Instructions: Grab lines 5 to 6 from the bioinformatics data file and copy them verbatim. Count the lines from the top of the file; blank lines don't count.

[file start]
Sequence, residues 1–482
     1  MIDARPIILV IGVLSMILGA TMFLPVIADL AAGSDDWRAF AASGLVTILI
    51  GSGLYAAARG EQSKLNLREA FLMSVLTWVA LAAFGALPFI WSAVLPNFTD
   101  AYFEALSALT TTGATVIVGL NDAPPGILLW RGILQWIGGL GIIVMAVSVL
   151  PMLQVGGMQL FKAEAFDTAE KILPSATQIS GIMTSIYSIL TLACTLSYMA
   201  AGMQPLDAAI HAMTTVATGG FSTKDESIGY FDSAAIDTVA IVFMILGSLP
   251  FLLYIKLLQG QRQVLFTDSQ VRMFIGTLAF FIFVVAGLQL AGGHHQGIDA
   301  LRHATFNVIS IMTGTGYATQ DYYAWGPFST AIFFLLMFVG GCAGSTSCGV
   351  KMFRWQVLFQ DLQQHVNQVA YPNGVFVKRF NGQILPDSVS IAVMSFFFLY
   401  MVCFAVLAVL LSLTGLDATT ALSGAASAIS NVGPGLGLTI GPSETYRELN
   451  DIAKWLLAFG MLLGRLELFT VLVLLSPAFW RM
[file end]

   151  PMLQVGGMQL FKAEAFDTAE KILPSATQIS GIMTSIYSIL TLACTLSYMA
   201  AGMQPLDAAI HAMTTVATGG FSTKDESIGY FDSAAIDTVA IVFMILGSLP